OK, so maybe this book does not have mass appeal. It is written by a teacher and aimed at other teachers, the plot, how to entice school kids to read. Reading is the very cornerstone of learning. Without the skill life is pretty darn hard for a school kid, and even worse for an adult.

I am an avid reader, and have been since a very small child. I read for fun then, and I read for fun now. Reading is escapism, reading is learning, reading is the gateway to knowledge. Alas it is also often treated as a boring subject by both teachers and pupils. I know that during my Grammar School (High School in the US) days I hated English Lit, it was taught in an incredibly boring fashion. I defy any 14 year old to get excited about Thomas Hardy’s ‘The Mayor Of Casterbridge’,  or just about anything by William Shakespeare. Kids don’t want to read these books, they are too difficult. With Shakespeare you have to deal with archaic language and metaphors that even well read adults have problems grasping, Thomas Hardy on the other hand just wears you down, page after boring page of dreary narrative!

Maybe the high spot of my school career was Orwell and ‘1984’, but even this classic was reduced to nothing. It was about 5 years after I finished school that I actually picked up a book for fun. The fun had been beaten out of me by the ridiculous approach taken by the school system.

Robb is an educator and innovator that has used her teaching experience to create a format where reading can be once again fun. Reading is maybe the most important aspect of teaching, it matters little what the subject is, the pupil needs to be able to read to learn.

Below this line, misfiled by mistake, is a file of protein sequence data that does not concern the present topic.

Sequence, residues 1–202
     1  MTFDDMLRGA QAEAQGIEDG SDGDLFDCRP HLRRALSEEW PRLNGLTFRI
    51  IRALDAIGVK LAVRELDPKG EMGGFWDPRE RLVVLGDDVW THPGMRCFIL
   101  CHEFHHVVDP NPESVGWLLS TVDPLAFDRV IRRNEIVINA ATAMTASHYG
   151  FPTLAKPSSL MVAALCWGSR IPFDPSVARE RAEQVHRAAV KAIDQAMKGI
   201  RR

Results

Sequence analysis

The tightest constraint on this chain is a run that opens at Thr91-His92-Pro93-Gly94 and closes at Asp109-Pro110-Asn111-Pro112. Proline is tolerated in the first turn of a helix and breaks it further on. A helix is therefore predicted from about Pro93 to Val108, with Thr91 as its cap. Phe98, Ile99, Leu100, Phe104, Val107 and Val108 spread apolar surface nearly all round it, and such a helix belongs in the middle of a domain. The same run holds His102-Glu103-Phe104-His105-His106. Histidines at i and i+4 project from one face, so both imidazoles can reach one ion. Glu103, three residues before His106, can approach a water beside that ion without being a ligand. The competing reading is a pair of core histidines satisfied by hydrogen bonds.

One of the biggest issues facing any educator is the wide spectrum of abilities with the kids in the classroom, it may be grade 8, but there will be some kids that read at grade 4 level, there may even be some at grade 10. To aim only at the grade level results in only teaching to a small percentage of the class. Some will be lost and not able to keep up, while others will be bored, not feeling challenged, and generally frustrated.

The key, Robb explains is to develop techniques where everyone wins. Why does the entire class have to  read the same book? Why not use a theme rather than a text? And why not engage the class in talking about the theme?  By making the class thematic and using multiple texts suddenly you can gear material to the varied abilities of the class, a win win situation, everyone can operate within their comfort zone, and learn!

Even when it is necessary from a curriculum standpoint to use a standard text, by being creative in your teaching methods everyone can gain.

I am not a teacher, well not by the traditional definition, but I am peripherally involved in the adult literacy arena, and many of Robb’s ideas could be converted to work in the adult world. One of the biggest problems I find with many poor readers is that they can read the words, but cannot assimilate the words into a cohesive idea.   Differentiating Reading Instruction is chocked full to the brim with strategies to resolve this problem.

This should be a must read book for anyone working within the teaching profession, the ideas are applicable in just about every subject.

You can get your copy of Differentiating Reading Instruction from Amazon.

Simon Barrett


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